Make connections among parts of the course/tutorial. Help students visualize the big
picture and integrate together the tutorial contents with the rest of their experiences in the course. Make
statements like, remember when we learned how to calculate x earlier in the term? or later on in the
term, you will learn about You may also ask students to make such links.

Use relevant examples. Illustrate points with examples taken from the field under study. When
possible, share personal research or real-world experiences to help students visualize practical applications
of concepts.

Use solid delivery skills. Maintain eye contact during your tutorials so you can see raised hands
and develop a rapport with your students. Speak loud enough and with enthusiasm to keep student
attention. As well, move naturally around the room. Circulating around the room while students are
working allows them to ask questions easily.

Avoid speaking to your visuals. Whether you use the blackboard or a screen (for overheads or
electronic presentations), you may be tempted to look at and speak to your visuals. Remember to point
your toes to the back of the room before you speak so that students can hear you and you can see their
responses to your teaching.

Questions

Tutorials are the best times to ask detailed questions. Make sure that students are aware of
this. Suggest that they jot down questions and issues as they arise during lectures and bring their lists to
the tutorial. But also let them know that you expect them to search for answers by themselves before
coming to you.

Prepare questions in advance. Challenge students to venture beyond their current knowledge
and attitudes. To help accomplish this, carefully design questions before the tutorial sessions. Even when
you expect students to have enough questions during the tutorials, having prepared your own set of
questions (and answers) can help you to improve their learning and increase your confidence.

"Are there any questions?" Many education experts believe this type of question is somewhat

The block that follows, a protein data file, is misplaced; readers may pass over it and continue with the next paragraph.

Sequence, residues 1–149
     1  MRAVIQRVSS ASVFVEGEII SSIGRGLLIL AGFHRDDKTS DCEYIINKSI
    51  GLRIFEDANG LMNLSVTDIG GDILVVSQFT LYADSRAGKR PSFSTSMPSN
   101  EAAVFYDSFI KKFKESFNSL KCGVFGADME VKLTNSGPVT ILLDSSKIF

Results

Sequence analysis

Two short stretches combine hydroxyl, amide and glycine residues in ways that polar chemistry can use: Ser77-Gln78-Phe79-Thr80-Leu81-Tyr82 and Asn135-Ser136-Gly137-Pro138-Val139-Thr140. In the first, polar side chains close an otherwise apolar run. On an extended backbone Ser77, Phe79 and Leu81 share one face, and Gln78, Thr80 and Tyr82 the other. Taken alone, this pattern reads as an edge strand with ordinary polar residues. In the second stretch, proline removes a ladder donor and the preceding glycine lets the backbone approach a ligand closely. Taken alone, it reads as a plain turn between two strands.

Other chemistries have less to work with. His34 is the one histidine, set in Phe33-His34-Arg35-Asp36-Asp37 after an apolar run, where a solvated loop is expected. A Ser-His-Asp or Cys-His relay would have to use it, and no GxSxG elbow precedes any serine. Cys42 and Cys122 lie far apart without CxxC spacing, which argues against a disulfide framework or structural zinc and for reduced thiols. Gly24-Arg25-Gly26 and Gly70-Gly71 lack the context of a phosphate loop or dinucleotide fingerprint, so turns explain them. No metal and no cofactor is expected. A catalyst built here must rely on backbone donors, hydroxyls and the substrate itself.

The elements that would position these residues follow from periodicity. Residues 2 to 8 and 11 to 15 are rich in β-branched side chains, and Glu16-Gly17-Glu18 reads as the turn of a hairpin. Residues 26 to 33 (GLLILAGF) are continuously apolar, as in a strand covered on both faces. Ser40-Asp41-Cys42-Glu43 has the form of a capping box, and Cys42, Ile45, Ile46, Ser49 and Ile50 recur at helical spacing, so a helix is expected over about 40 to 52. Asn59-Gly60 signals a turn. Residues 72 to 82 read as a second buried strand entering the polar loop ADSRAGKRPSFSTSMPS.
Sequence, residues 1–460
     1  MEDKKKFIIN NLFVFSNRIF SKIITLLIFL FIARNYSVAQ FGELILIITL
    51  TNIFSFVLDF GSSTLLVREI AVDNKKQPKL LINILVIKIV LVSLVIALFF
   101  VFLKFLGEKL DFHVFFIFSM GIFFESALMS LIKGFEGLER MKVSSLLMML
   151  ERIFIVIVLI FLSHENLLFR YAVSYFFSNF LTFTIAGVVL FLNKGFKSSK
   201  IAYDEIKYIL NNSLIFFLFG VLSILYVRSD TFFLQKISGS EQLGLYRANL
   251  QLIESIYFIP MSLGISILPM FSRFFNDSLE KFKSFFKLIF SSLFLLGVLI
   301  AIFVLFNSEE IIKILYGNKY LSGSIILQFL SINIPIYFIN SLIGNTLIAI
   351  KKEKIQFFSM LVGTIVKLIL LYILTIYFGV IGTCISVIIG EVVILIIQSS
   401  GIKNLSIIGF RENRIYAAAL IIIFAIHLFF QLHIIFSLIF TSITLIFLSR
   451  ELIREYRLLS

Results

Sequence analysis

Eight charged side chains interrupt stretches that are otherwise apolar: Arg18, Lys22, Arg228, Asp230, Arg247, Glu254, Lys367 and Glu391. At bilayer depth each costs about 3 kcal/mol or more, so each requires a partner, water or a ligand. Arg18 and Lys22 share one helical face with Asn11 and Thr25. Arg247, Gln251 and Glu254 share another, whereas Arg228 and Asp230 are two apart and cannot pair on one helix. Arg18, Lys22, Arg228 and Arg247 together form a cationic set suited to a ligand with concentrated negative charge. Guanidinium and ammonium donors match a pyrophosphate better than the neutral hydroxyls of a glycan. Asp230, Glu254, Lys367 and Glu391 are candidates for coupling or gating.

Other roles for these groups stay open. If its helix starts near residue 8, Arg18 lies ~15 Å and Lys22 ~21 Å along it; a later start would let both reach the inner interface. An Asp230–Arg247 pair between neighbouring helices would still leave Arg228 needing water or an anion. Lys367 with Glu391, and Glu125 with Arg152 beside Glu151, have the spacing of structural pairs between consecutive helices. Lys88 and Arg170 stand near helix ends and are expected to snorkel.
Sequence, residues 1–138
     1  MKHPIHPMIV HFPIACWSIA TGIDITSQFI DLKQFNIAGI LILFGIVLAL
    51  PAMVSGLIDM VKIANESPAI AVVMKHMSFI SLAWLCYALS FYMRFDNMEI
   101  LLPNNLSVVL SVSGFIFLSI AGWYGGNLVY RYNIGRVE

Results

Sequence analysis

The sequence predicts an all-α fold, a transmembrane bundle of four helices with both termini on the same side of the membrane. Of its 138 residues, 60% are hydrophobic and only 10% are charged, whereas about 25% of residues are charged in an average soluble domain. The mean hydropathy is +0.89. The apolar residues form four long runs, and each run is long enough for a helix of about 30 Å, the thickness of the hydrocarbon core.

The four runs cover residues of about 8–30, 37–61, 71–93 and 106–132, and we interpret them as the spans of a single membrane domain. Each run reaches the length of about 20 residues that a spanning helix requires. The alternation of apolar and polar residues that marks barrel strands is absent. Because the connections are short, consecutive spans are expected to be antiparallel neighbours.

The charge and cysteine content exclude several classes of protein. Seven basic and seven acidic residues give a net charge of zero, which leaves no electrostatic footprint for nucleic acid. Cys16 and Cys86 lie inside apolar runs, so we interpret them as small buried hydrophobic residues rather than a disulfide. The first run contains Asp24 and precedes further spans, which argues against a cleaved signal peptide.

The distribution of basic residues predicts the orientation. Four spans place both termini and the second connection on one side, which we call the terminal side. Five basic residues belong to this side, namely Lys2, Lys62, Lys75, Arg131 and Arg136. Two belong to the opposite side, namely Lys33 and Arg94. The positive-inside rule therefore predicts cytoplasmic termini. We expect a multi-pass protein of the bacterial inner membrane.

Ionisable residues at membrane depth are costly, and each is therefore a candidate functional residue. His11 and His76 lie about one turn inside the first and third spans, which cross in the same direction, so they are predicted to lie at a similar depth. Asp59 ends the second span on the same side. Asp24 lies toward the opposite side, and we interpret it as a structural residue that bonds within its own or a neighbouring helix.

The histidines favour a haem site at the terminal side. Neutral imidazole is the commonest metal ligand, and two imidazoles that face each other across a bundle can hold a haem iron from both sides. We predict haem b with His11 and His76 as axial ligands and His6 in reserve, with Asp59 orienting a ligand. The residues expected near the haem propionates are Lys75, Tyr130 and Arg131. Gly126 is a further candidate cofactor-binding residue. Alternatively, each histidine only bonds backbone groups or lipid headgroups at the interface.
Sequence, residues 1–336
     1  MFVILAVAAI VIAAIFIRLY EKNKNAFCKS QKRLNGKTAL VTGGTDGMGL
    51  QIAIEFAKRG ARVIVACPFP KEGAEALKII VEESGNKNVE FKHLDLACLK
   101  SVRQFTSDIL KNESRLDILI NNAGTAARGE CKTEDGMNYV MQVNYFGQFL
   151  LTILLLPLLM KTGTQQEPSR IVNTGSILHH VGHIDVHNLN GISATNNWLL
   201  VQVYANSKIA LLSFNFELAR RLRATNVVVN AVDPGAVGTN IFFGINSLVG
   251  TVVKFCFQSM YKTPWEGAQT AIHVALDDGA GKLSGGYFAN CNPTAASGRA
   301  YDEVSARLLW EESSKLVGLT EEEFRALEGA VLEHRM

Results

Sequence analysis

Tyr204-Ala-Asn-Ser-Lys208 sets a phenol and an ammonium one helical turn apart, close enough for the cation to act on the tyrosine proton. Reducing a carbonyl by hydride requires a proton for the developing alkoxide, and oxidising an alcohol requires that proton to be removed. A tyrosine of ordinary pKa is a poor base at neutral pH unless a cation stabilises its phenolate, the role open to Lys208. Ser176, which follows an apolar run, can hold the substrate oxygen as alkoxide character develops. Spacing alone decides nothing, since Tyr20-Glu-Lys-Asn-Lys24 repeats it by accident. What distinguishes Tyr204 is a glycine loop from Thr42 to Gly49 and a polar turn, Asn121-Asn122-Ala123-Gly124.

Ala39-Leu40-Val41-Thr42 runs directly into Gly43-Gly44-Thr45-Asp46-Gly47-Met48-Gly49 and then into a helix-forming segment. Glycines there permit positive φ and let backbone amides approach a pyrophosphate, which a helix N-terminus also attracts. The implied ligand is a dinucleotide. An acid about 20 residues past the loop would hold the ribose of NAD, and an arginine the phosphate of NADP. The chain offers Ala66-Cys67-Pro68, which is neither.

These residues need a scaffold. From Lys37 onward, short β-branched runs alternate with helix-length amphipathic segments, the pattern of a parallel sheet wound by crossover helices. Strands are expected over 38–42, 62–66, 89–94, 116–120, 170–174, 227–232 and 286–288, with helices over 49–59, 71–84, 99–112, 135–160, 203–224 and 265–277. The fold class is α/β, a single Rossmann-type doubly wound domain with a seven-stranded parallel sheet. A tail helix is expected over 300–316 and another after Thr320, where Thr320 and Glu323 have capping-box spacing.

wasteful. Such inquiries are often viewed by students as a "ritualistic" exercise on the instructor's part and
are usually met with silence. When asking for questions, be sure that your question is genuine and has a
clear purpose. Ask for questions on specific topic areas. If your question is met with no response, be
prepared to use follow-up probing questions, such as: "So if I were to ask you on an exam whether ,
you would know how to answer?" This usually increases students desire to understand the concept and
elicits questions. Be sure to wait up to 10 seconds for a response.

Before answering, repeat questions. By doing this, you will ensure that everybody has a
context for your answer. An additional point to remember is to look at the whole class when responding,
not just at the questioner. A general rule of thumb is to give 25 percent of your eye contact to the
questioner and 75 percent to the rest of the audience. By using this 25/75 rule, you help to include
everybody in the room.

Admit when you don't know the answer. You will lose more credibility by trying to fake an
answer than by stating that you don't know. If you don't know the answer to a student's question,

compliment the student on the question, then ask the class if anyone knows the answer (be sure to verify
any responses). If there are no answers, volunteer to find the answer yourself and report back at the next
class or ask the student to do this.

For more ideas, check the following CTE teaching tips:

"Question Strategies"

"Asking Questions: Six Types"

Activities

Favour high-learning activities. Taking notes, listening passively and pretending that they
understand are behaviours that students should not be displaying during tutorials. Some subjectrelated
tasks that can help students to learn-by-doing are: solving problems, discussing different perspectives,
asking questions, answering questions, working out different approaches to problems or case studies, and
engaging in debates.

Give clear instructions. Before starting an activity, make sure that students understand what to